I’ve been babbling at techie co-workers about the need for accountability in comments. It’s depressing to read an interesting article and note that the comments have devolved into some PS3 fanboy flame war. I wish people felt more personal involvement in their comments, so they’d be less likely to crap them out or laugh them off. well, here’s one solution:

  • Facebook invades your blog, rest of Web with new Comment Box (@ ars technica)
    Ironically, it does not use the facebook plugin it describes, so i can’t comment there. The less-mentioned loveable-feature is : not having to sign up for accounts at every &$%^@ing website you visit, just so you can post a quick thought on the article.

    But i am seeing the facebook comment box at more and more websites. using it. and “I’M LOVING IT” ™

  • I alsooOOOOooo wish i could filter comments based on age, profanity, racism, and interests. And I’d like to be able to rate comments everywhere (like the thumbs up/down at youtube). but these are not features. yet…

    It’s potentially negative to make people afraid to say what they’re thinking. but, in reality, this is what “culture” is. isn’t it? i don’t say random insane offensive things to the guy next to me, because i don’t want to get stabbed. or, more mildly, i might want to do business with them some day.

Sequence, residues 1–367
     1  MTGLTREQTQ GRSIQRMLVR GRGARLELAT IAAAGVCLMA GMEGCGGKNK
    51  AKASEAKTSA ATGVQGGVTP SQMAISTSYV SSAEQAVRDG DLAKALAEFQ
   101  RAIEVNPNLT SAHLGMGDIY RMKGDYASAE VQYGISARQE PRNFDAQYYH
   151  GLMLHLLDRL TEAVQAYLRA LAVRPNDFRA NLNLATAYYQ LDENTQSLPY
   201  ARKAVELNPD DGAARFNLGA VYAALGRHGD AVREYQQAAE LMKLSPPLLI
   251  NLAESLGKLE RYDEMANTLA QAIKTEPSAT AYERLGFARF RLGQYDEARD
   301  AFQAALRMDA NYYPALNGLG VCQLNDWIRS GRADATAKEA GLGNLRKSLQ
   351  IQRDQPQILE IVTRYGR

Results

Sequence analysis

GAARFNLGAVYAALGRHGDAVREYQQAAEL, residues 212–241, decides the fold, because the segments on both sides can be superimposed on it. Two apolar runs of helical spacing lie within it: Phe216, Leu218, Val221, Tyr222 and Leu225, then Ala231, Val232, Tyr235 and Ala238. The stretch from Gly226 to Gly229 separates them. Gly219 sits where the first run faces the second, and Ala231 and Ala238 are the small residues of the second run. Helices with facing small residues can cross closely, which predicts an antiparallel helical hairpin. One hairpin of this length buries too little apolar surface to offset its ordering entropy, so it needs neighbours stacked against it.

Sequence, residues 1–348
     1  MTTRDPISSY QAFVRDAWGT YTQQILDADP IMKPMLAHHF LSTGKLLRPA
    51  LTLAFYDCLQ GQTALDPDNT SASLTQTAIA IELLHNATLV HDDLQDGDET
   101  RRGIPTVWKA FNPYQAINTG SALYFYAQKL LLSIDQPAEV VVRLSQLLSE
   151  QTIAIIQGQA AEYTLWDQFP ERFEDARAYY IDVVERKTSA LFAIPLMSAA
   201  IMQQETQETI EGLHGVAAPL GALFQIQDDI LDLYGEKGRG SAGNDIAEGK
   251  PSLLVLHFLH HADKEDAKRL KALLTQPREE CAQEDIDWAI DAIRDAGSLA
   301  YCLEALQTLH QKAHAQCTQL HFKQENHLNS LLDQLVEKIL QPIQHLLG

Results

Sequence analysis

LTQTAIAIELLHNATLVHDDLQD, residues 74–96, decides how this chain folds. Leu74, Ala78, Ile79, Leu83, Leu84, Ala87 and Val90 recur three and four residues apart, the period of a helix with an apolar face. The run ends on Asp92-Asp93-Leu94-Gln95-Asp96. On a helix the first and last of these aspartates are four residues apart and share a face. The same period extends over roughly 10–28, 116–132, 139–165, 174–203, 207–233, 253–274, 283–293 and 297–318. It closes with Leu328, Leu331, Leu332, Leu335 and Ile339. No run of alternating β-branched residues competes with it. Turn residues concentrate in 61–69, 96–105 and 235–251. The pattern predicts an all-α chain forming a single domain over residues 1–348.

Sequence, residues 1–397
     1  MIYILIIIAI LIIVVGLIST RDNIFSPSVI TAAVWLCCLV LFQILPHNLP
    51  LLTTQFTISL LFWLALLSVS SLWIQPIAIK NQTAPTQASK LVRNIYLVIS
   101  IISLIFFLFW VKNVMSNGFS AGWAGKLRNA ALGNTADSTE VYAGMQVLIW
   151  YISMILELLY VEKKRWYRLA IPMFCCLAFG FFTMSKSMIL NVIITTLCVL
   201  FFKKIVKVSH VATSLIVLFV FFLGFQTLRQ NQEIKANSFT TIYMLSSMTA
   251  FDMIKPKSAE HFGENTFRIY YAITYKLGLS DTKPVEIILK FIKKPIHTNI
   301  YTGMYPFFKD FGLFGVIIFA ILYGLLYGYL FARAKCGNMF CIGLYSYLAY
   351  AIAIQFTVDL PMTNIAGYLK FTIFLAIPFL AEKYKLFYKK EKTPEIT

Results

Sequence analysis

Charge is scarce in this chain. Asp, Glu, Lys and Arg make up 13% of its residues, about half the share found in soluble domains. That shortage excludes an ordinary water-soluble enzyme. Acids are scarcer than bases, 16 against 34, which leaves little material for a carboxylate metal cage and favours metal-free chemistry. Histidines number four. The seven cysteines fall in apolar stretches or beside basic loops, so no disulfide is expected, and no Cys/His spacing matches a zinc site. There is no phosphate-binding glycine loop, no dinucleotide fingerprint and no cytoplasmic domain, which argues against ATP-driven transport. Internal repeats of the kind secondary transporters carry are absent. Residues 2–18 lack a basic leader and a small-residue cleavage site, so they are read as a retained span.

Some friends think it’d be a tragedy if the perceived internet community was whittled down from millions to a just a few hundred that seem to fit your filters. but. i think this would be far more beneficial than many realize. Aside from lowering your stress level, it could also lead to more focused and useful connections with strangers worldwide who would have been lost in the noise. hmm. or so i think.

    I’ve been reading 1984 again recently, and there are scary implications all over the place (with regard to our fears, and mechanisms, for fitting in with our fellow man).

  • Apparently there’s a big to-do over letting people listen to e-books they’ve purchased. Witness Engadget’s tacky coverage. A few days ago, Ars Technica wrote a lengthy, but excellent, article concerning the book publishing industry’s incredibly stupid approach to “modern technologeez” (ebooks in particular). And this speech outcry seems sadly in line.

    I love the e-book potential. In this case, i’d love to flip my ebook from text to speech while driving, just by touching my place and a sound button, and thus keep the data gorge going, non-stop, throughout my day. Ie, i’d be happy to suffer a generic text-to-speech robot voice. annnnnd i might pay extra, for audio of some celebrity reading it. or the author. I might buy audio readings MULTIPLE TIMES, if I loved the book. I hope the audio clip they’ve posted in their forums indicates the creation of a phenomic markup language, so that the robot can properly emphasize the presentation. And could be easily swapped out for different robot voices. wee.